Because construction and creation are key components of STEAM and coding, they are especially well-suited for hands-on learning. Even completely virtual coding and running of a program are more interactive than a lecture and an exam, especially when combined with tangible components they can build with their hands. That’s a treasure for student engagement. This is why investing in STEAM and coding is so important: it keeps students engaged and learning after a difficult academic year. When it comes to the current academic year…
5. The STEM Design Competition
Challenges and competitions are some of the easiest methods for STEAM and coding to benefit children. With the backing of the Ministry of Education, Universiti Pendidikan Sultan Idris, and ProjectMika, we have teamed with and Pusat STEM Negara to launch the virtual competition.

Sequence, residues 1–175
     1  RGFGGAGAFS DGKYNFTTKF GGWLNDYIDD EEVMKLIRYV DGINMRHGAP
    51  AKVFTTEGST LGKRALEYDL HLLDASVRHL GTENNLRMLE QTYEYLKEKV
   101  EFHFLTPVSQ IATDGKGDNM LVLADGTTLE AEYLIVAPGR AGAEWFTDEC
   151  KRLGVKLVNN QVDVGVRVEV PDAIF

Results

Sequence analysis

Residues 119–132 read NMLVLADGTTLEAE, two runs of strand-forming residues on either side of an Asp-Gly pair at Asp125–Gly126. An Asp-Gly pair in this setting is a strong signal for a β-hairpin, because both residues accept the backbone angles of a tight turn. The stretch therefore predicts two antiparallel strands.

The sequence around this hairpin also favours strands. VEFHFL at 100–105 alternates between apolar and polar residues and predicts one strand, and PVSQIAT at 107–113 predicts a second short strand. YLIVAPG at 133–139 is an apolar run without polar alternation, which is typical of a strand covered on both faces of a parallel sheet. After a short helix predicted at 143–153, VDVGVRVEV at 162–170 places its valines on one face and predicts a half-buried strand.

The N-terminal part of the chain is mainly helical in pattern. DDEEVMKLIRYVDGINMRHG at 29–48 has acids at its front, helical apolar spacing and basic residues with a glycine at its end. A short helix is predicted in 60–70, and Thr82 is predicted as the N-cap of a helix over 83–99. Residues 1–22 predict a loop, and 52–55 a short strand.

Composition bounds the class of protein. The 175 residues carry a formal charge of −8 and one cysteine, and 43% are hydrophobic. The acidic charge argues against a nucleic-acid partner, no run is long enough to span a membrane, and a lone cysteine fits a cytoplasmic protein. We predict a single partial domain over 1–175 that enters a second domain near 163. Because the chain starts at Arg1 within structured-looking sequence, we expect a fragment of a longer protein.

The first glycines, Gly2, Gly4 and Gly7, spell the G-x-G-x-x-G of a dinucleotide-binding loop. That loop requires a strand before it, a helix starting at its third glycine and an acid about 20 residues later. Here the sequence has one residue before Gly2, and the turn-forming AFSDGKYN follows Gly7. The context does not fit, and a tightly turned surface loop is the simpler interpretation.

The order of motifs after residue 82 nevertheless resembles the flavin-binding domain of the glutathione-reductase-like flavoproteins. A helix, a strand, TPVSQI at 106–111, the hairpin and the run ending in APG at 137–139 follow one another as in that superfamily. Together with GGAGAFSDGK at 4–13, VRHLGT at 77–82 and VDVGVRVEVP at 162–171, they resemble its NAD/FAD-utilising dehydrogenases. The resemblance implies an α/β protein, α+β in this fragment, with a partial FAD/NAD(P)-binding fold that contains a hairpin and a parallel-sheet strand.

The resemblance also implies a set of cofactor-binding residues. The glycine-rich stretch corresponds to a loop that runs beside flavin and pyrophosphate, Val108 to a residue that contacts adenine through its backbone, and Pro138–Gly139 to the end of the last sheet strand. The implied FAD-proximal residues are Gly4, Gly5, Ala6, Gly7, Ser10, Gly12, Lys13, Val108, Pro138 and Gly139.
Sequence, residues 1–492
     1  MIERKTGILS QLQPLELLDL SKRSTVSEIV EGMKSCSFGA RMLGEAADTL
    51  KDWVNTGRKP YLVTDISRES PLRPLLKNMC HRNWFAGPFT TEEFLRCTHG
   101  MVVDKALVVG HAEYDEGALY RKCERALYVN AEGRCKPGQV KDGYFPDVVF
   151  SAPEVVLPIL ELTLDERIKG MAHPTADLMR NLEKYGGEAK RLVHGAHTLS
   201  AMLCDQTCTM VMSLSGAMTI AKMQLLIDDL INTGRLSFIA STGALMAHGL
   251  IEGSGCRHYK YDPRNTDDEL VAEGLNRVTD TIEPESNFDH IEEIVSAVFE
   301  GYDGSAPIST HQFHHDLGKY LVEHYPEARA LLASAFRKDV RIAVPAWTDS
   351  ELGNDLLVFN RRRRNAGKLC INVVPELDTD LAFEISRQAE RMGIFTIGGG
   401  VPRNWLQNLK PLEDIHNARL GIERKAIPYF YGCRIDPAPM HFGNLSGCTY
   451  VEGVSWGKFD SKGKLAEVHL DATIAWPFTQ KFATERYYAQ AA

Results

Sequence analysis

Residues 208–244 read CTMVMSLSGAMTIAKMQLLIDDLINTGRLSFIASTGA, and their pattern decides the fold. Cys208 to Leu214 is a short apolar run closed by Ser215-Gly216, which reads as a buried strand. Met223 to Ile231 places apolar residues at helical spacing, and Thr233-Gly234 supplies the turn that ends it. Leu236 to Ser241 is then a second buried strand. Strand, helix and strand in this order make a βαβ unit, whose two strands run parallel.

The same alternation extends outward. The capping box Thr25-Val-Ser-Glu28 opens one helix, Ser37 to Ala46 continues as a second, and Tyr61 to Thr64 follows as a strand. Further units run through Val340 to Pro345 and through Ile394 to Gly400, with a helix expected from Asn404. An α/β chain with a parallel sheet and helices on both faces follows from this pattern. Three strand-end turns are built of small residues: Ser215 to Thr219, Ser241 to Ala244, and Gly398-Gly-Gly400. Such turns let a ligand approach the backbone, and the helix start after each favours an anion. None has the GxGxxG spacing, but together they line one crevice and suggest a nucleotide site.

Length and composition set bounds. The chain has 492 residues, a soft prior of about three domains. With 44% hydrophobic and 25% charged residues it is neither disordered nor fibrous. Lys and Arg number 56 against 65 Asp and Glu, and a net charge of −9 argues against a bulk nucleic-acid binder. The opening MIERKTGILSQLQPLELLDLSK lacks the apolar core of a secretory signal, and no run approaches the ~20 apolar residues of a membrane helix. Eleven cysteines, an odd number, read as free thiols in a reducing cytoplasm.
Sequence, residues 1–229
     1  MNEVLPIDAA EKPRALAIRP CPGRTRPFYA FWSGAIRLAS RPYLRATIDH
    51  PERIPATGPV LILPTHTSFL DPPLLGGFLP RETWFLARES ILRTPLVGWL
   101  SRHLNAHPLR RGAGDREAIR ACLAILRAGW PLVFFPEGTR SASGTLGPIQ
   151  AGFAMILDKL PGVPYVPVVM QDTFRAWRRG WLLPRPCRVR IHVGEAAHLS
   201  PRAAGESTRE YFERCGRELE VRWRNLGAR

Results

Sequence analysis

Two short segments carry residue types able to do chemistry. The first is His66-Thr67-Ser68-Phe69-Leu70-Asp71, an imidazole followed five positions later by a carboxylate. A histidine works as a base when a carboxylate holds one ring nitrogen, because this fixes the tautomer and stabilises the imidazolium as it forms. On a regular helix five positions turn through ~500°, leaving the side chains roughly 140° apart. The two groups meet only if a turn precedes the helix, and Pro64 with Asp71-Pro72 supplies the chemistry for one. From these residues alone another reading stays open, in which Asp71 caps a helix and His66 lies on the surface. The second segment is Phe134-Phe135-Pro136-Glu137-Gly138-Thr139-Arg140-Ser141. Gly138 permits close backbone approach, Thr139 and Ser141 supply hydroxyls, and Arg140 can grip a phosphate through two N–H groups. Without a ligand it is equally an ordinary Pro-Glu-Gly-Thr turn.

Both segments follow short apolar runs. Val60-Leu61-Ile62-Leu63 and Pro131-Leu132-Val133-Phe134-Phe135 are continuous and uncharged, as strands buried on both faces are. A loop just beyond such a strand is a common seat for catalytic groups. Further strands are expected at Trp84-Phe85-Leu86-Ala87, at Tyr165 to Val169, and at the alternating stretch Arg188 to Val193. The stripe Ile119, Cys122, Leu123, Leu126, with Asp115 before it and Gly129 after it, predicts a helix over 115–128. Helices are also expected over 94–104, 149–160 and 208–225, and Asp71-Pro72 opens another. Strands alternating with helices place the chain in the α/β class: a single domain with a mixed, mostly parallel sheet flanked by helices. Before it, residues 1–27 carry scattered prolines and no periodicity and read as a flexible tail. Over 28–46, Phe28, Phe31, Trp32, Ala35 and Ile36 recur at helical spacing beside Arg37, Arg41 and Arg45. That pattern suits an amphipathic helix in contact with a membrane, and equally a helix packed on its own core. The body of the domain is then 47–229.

Despite the fact that the tournament was run digitally owing to the pandemic, we had a lot of positive feedback and involvement from all throughout Malaysia, from registration to winner announcement. Using students were able to create fantastic, inventive projects. Some participants even combine with other products, such as Lego and Arduino, to expand the number of functionalities and programming possibilities. This demonstrates that, despite a lack of exposure and materials, Malaysian students are interested in STEM education. Our campaign to encourage students across Malaysia to demonstrate their outstanding talents and diverse range of skills and abilities related to STEM education only began last year. The STEM Design Challenge will be returning this year, so stay tuned for more information! That’s why investing in STEAM and coding now is such a fantastic idea—it will help engage, encourage, and educate students this year, putting them on the path to success next year and beyond.